Medical Matters: Proportion of oral cancers being linked to HPV is growing


Hollywood has been driving the health agenda in the media for the past few weeks.

First we had Angelina Jolie drawing attention to the minority of breast cancers caused by the BRCA gene and the choice affected women face in terms of whether to have a prophylactic mastectomy or not. And now Michael Douglas has got in on the act with his claim that human papillomavirus (HPV) infection acquired through oral sex is the reason he developed throat cancer in 2010.

As part of a publicity interview with the Guardian for his latest film, the Liberace biopic Behind the Candlebra, Douglas unexpectedly blamed his oral cancer on his sexual proclivities.

Asked whether he now regretted his years of smoking and drinking, seen as classic causes of the disease, Douglas replied: “No. Because without wanting to get too specific, this particular cancer is caused by HPV, which actually comes about from cunnilingus.”

Douglas continued: “I did worry if the stress caused by my son’s incarceration didn’t help trigger it. But yeah, it’s a sexually transmitted disease that causes cancer.”

Bizarrely he added: “And if you have it, cunnilingus is also the best cure for it.”

Suspected cause
A few days later, Douglas’s spokesperson disputed the newspaper’s headline. The spokesperson said
that the interview simply included discussion of oral sex as a suspected cause of certain oral cancers.

Whatever the sequence of
events, his comments have focused attention on the whole area of oropharyngeal cancer. These are cancers that occur on the tongue, tonsils and the throat.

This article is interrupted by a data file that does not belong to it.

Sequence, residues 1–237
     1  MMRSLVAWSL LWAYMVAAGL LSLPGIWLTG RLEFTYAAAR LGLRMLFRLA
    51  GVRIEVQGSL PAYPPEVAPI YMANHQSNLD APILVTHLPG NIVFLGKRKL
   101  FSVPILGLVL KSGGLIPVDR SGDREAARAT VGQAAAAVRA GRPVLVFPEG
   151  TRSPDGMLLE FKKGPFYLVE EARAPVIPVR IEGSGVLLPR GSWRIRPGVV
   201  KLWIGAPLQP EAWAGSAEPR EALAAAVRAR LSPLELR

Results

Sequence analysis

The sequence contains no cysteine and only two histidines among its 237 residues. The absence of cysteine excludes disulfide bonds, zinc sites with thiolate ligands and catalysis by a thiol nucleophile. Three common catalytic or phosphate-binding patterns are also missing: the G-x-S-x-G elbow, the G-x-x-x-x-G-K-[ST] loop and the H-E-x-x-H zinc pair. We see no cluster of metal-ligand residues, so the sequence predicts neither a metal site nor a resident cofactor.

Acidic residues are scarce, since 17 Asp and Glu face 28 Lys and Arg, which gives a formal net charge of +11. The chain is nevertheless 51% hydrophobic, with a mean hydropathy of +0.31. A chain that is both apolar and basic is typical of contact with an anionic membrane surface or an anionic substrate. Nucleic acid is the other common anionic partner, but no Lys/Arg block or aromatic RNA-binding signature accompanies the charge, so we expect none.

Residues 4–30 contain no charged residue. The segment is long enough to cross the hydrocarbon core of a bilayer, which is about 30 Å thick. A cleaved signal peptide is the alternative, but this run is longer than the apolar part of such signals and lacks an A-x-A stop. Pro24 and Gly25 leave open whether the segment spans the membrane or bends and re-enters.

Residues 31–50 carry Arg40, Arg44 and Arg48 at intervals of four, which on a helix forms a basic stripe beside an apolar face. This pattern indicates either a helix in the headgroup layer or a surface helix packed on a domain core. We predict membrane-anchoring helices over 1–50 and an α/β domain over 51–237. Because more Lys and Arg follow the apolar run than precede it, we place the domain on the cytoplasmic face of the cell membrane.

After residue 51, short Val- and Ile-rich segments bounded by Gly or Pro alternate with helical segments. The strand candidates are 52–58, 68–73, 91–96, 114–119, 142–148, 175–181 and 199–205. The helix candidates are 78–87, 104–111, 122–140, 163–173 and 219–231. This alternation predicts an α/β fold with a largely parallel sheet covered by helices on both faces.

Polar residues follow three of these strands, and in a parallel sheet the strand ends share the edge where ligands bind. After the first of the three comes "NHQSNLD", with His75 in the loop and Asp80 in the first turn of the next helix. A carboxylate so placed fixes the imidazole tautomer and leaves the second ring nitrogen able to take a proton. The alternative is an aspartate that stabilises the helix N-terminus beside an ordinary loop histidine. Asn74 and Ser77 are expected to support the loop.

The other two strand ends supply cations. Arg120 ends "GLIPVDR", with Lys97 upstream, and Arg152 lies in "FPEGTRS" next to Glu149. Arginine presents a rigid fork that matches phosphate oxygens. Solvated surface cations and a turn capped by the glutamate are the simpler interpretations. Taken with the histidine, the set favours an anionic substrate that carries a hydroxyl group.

Head and neck cancers are more common in people who smoke, and especially those who also drink alcohol.

However, about a quarter of
head and neck cancers are diagnosed in people who have never smoked.

Experts believe HPV may play a part in the development of some of these cancers. It seems the virus can lie dormant for many months or even years before causing cell changes that, in some people, may develop into cancer.

What isn’t in doubt is the fact that the proportion of HPV-related oral cancers is growing.

From 16 per cent of all oral cancers in 1984 to 1989, to 72 per cent from 2000 to 2004, HPV-linked oral cancers are on the rise, a report earlier this year from the American Cancer Society and Centers for Disease Control and Prevention found.

And more than 10 per cent of men and 3.6 per cent of women aged 14 to 69 have a current oral HPV infection, according to a study published last year in the Journal of the American Medical Association.

But not everyone with oral HPV infection gets cancer. In about 85 per cent of cases, a person’s immune system gets rid of the infection. And while there are dozens of types of HPV, only a few cause cancer. HPV 16 and HPV 18 cause about 70 per cent of cervical cancers; for oral cancer, the most dangerous subtype is HPV16.

More common in men
Oral HPV infection is more common in men so what about the risk of cancer for a partner of a man with HPV infection?

Research just presented at
the American Society of Clinical
Oncology annual meeting found that 65 per cent of men with HPV-related oral cancer had an active HPV infection.

However, only 5 per cent of female partners of men with oral cancer had an active HPV infection. That suggests these women are not at higher risk for oral cancer. However, about 30 per cent of male partners of men with oral cancer had active HPV infections.

While HPV vaccination prevents cancer of the cervix, there are no studies on its effect on oral cancer.

As to Douglas’s suggestion that cunnilingus might be a cure for oral cancer, one consultant head and neck surgeon was sceptical: “Maybe he thinks that more exposure to the virus will boost his immune system. But medically, that just doesn’t make sense.”

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